The Tsar was then visited by members of the State Duma and asked to abdicate, which he did, and which he also did on behalf of his haemophiliac son, Alexei. The First World War was undoubtedly an important factor that contributed to this decision – but were there others, and which was the most significant? The First World War was responsible for the downfall of the Romanovs in four main ways. Firstly, the loss of agricultural workers and horses to the army, combined with the takeover of railway lines by the army, led to food shortages in towns and cities due to poor internal communications. Moscow, for example, had been receiving 2,200 railway wagons of grain per month in 1914, but by Christmas 1916, this figure was down to around 300 wagons.
The Tsar was then visited by members of the State Duma and asked to abdicate, which he did, and which he did on behalf of his hemophiliac son, Alexei. The First World War was without a doubt an important factor that contributed to this decision. The First World War was responsible for the downfall of the Romanovs in four main ways. Firstly, the loss of agricultural workers and horses to the army, combined with the takeover of railway lines by the army, led to food shortages in towns and cities due to poor internal communications. Moscow, for example, had been receiving 2,200 railway wagons of grain per month in 1914, but by Christmas 1916, this figure was down to around 300 wagons.
There were many factors that contributed to the downfall of the Romanovs – and Tsar Nicholas II was not responsible for all of them. Some of the issues that caused the collapse of the Romanovs’ reign had begun even before he had come into power. However, the many mistakes he made during his reign undoubtedly sealed their fate. Problems with Russia’s monarchy had begun long before Nicholas II came to the throne. For example, a large contributor towards the Romanovs’ steady deterioration was the dissatisfaction of the people of Russia, particularly the peasants.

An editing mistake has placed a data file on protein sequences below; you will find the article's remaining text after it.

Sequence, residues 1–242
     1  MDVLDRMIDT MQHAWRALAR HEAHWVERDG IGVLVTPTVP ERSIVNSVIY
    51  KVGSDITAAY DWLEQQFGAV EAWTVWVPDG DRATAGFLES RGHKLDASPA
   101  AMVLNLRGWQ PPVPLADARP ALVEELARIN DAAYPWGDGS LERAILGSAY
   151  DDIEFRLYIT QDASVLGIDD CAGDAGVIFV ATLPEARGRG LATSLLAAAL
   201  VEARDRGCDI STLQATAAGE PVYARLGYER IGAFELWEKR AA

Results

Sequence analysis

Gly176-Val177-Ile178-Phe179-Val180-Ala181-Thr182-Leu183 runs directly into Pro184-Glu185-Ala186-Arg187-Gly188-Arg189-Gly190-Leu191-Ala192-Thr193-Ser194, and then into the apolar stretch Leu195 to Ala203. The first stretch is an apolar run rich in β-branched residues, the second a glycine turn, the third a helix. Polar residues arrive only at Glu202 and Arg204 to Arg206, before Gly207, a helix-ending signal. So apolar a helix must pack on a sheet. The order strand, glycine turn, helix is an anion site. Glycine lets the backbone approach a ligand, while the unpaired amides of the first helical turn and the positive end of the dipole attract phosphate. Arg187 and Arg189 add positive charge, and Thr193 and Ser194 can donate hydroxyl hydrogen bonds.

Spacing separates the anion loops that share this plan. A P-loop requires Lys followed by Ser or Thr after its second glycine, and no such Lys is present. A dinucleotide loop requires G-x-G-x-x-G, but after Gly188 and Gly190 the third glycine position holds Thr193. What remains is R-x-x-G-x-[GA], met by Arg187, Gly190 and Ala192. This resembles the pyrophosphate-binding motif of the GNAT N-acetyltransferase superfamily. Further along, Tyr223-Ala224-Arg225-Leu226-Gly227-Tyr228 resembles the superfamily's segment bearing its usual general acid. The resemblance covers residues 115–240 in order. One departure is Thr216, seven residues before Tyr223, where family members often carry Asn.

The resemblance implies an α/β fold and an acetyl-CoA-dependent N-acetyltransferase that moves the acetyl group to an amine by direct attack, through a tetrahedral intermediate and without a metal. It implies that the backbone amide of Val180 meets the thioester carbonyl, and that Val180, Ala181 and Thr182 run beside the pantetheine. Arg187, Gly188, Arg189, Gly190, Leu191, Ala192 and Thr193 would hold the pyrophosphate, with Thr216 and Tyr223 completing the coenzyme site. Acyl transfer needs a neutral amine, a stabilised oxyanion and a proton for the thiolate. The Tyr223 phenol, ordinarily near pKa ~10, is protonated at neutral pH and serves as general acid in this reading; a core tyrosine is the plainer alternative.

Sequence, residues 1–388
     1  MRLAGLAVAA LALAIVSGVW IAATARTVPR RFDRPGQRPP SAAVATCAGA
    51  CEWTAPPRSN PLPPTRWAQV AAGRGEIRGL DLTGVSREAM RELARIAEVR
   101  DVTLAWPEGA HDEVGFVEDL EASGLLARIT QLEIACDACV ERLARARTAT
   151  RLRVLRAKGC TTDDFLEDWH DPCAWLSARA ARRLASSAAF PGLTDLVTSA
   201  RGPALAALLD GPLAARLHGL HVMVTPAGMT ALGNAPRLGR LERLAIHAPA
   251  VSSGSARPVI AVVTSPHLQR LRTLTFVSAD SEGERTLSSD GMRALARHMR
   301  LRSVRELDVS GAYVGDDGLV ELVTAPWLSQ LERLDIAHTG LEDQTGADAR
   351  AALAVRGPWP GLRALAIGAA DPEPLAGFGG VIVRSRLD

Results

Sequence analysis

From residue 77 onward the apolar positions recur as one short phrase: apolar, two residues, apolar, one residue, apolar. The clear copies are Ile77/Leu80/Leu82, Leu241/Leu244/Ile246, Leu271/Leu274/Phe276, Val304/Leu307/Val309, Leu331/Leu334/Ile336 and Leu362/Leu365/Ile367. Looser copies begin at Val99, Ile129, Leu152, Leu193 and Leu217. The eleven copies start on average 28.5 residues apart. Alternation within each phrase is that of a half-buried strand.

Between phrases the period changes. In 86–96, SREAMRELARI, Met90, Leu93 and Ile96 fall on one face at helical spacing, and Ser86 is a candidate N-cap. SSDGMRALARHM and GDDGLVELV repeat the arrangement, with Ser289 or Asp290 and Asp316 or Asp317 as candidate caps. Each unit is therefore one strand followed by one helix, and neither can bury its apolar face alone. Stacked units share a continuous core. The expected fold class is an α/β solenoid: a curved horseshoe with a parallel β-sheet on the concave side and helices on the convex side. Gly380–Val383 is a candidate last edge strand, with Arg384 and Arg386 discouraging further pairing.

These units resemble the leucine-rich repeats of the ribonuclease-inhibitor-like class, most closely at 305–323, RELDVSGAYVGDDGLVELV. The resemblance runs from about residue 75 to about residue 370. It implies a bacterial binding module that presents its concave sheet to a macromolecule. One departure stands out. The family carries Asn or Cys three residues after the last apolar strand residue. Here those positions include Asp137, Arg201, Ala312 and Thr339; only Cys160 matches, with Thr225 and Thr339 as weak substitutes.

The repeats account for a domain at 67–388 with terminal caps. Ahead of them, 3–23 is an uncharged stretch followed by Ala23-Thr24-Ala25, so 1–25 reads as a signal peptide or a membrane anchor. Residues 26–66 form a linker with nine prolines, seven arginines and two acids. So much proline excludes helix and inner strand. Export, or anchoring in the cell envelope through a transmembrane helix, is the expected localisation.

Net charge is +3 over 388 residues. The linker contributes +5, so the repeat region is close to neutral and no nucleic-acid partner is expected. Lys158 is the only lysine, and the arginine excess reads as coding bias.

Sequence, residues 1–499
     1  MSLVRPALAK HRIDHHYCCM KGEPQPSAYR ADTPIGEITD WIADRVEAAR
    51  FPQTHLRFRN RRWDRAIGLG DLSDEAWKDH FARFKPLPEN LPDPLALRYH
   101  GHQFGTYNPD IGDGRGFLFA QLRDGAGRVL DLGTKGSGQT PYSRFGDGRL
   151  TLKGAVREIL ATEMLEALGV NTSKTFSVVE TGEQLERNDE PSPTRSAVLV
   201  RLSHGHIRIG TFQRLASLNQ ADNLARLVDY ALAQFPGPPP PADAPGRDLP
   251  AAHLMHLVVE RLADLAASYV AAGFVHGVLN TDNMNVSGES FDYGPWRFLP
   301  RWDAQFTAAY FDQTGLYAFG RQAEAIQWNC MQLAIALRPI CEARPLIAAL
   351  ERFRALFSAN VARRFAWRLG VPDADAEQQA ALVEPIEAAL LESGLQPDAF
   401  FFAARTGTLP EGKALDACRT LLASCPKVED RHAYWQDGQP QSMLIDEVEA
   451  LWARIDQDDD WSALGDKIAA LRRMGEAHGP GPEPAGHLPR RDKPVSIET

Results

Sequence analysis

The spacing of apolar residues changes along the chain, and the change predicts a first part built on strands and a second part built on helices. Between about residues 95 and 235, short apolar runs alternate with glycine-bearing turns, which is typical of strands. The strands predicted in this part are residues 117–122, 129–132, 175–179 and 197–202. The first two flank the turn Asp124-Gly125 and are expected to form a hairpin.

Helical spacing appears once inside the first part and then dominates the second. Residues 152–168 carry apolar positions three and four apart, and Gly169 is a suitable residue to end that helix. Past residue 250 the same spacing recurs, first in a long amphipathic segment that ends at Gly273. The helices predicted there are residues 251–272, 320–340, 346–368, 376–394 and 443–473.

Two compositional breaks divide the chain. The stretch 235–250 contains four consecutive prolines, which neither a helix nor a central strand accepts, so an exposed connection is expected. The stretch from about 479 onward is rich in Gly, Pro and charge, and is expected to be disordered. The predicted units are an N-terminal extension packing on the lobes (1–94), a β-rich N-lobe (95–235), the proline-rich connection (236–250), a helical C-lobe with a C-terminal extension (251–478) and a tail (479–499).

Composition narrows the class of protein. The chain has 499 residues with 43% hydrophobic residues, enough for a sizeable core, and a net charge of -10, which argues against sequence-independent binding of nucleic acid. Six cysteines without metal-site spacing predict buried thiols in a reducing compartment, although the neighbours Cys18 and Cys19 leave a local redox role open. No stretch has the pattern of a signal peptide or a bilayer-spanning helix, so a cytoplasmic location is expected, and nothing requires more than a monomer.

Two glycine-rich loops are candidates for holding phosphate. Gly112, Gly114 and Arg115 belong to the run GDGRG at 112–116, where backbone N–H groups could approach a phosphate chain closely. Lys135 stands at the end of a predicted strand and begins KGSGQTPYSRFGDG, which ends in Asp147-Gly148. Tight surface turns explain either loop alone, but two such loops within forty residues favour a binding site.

The rebuilding of the local areas was a job for the Zemstva, however, none of the peasants ‘knew what was meant by the Zemstvo’ yet ‘the Zemstvo was blamed for everything- for the arrears, and for the oppressions, and for the failure of the crops’. ‘ It affected between fourteen to twenty million people, of which 375,000 to 400,000 died, mostly of disease’. The fact that the Zemstvo had been blamed could present a change in the way they ran their government. Although the source could be affected as it is an extract from Anton Chekhov who was well known for his dramatised descriptions of things and therefore could be indeed exaggerating how bad the situation was and whether or not the Zemstvo were actually being blamed for ‘everything’. However, the Zemstvo failed to make a dramatic
They had no trade unions for protection. Their homes were crowded and poorly built. Economic recession between 1899 and 1903 had also led to growing unemployment throughout the Empire. This was evident through the Petition to the Tsar presented by Father Capon. This petition was a kind approach taken by the working seeking “truth, justice and protection from [the Tsar]” because they were “treated as slaves… not recognized as people….